CW: What is your forecast for the 2022 season? What will be different? What do you see looming on the horizon?

Jeremy Parsons: The continuation of the comeback. The Midwest bounced back pretty quickly, but many areas were not as quick. This year's IAFE convention had a lot of success stories, it was  just a very positive meeting, this industry likes to get together and share ideas.

Morris Vivona: The attendance was not stellar, but the midway had some of the best years, especially in the case of the Bloomsburg Fair. We are changing perceptions about the midway, this year kept us from being complacent. We will be very happy looking at things with fresh eyes.

Andrea Stillwell: We expect 2022 to be a very strong year for our industry. It looks like many carnival companies have and will extend the length of their seasons, in turn communities will see more carnival events in their area than in years past. Economic recovery will continue. We still have some communities who's county has not allowed for a fair or a carnival since 2019 and we are looking forward to them receiving the green light to operate in 2022. Generally we are very optimistic about our 2022 operations.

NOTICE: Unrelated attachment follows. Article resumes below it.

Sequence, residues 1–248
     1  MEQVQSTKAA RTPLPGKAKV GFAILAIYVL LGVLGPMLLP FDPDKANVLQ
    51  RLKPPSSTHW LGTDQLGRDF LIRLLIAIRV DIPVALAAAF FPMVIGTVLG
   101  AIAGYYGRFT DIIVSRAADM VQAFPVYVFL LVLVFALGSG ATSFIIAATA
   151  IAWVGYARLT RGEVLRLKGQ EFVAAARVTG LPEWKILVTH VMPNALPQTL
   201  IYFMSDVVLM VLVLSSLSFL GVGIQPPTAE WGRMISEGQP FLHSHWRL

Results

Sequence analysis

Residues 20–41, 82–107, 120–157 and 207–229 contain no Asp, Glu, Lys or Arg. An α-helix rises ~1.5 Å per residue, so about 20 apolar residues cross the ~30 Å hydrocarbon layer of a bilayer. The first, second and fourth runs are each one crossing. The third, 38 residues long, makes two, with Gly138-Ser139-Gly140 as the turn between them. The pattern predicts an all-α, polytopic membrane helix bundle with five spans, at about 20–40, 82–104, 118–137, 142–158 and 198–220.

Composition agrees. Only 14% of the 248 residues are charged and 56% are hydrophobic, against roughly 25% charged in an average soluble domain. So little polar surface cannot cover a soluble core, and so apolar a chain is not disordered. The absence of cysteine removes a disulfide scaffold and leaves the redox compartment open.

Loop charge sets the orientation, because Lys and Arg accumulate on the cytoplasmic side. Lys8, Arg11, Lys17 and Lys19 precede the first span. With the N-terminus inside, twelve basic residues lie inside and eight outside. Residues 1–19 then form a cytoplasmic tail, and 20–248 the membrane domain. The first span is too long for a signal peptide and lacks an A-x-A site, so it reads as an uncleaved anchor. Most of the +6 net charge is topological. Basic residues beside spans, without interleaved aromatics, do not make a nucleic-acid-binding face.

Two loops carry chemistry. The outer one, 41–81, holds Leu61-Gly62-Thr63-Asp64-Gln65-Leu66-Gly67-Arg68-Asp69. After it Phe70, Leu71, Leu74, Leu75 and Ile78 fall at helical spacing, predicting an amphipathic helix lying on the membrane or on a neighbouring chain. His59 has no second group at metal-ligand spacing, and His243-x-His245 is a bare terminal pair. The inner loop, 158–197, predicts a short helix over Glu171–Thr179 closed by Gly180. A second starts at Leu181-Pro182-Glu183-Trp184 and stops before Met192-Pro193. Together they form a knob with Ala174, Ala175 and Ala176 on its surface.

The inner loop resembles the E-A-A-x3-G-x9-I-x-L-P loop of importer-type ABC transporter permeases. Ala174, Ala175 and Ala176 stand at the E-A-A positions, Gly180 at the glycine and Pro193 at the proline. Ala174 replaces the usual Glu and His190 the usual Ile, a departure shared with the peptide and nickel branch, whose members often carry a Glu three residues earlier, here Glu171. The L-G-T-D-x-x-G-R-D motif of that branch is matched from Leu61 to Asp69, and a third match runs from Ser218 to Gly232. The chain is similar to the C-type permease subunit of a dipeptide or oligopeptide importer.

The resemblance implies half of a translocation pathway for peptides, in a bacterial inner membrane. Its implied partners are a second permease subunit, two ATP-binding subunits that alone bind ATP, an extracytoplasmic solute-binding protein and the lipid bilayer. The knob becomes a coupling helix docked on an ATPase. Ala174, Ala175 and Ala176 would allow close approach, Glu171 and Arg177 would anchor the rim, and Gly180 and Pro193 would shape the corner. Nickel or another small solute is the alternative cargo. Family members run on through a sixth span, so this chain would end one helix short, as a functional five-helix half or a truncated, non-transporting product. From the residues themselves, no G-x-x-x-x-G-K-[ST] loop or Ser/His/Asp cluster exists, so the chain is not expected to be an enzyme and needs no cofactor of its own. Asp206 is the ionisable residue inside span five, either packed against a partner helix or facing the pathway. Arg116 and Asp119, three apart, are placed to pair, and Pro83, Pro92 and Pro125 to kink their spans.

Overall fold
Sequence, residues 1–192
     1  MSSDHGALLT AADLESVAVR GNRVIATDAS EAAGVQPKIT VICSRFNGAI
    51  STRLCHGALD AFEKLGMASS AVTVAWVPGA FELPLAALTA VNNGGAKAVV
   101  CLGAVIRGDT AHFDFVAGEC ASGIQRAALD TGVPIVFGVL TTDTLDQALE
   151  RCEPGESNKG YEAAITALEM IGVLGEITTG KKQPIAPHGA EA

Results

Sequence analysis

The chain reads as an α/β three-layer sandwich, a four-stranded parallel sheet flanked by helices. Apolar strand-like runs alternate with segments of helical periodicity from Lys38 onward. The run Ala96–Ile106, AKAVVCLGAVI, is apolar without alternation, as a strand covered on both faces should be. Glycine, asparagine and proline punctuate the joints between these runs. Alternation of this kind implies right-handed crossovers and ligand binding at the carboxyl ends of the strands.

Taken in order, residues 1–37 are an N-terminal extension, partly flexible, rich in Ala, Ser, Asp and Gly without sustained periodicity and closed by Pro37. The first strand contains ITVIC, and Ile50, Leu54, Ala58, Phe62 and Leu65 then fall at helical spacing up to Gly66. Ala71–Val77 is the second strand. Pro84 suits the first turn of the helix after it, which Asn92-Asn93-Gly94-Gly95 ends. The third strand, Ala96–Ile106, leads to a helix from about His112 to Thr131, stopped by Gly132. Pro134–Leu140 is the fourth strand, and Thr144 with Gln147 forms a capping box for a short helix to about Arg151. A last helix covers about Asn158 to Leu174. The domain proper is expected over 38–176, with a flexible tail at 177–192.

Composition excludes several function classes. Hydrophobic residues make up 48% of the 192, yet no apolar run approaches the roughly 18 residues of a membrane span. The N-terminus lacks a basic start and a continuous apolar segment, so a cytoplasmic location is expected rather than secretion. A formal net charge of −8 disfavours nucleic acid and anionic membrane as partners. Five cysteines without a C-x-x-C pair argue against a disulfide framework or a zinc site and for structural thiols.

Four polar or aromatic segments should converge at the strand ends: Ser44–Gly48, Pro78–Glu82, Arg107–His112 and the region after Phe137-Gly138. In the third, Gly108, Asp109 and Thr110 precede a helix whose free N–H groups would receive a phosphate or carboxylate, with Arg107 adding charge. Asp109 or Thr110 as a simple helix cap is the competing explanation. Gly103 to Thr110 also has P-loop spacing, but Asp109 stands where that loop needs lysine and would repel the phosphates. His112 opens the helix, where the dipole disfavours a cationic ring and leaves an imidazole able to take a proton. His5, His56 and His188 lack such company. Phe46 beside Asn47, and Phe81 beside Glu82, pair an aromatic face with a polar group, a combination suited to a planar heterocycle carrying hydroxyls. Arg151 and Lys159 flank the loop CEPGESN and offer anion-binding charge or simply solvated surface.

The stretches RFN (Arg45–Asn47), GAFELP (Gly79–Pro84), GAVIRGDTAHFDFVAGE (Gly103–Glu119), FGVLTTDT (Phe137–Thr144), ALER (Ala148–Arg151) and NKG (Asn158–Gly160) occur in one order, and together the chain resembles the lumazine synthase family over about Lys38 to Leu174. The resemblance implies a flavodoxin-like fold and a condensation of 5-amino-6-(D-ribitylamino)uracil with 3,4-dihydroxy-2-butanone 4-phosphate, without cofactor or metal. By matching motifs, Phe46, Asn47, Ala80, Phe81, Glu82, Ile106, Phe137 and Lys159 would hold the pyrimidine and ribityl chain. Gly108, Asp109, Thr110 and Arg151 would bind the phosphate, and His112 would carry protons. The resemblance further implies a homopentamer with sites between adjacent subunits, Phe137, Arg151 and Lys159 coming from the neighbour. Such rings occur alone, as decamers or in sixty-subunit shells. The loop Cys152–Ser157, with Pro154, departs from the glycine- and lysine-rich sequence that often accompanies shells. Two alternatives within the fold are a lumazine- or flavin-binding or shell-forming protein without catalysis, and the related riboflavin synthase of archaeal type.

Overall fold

Davey Helm: I'm very optimistic about 2022. A lot of people believe we will have a downtick, but that is solely up to the operator. Every aspect of everything I've learned is to give the customer a different experience. The customer is still as hungry for experiences as when COVID closed us all down. If we give them a new and exciting look and experience, 2022 will exceed to 2021.

Greg Chiecko: Hopefully one of stabilization.  I believe the country will not shut down because of viruses, but rather will adapt and move on.  The pandemic has taught all of us to be better communicators and to operate more efficiently.  By working together our industry will continue forward for generations to come.

Rey O'Day: We are learning to flex with new COVID surges.    “Capacity,” “touchless,” “supply chain disruption,” “PPP,” “hopscotching dates,” “Zoom,” “virtual,” “stay safe,” “non-essential,” “fist bumps,” “safety,” “online purchasing,” “single serve packaging,” “net over gross,” “length of stay,” and “less is more” have found new importance in our lexicon and actions. As an industry and organization, we will continue serving, surviving, and thriving TOGETHER using our wishbone, backbone, and funny bone and in our unique entrepreneurial styles.  Happy New Year!!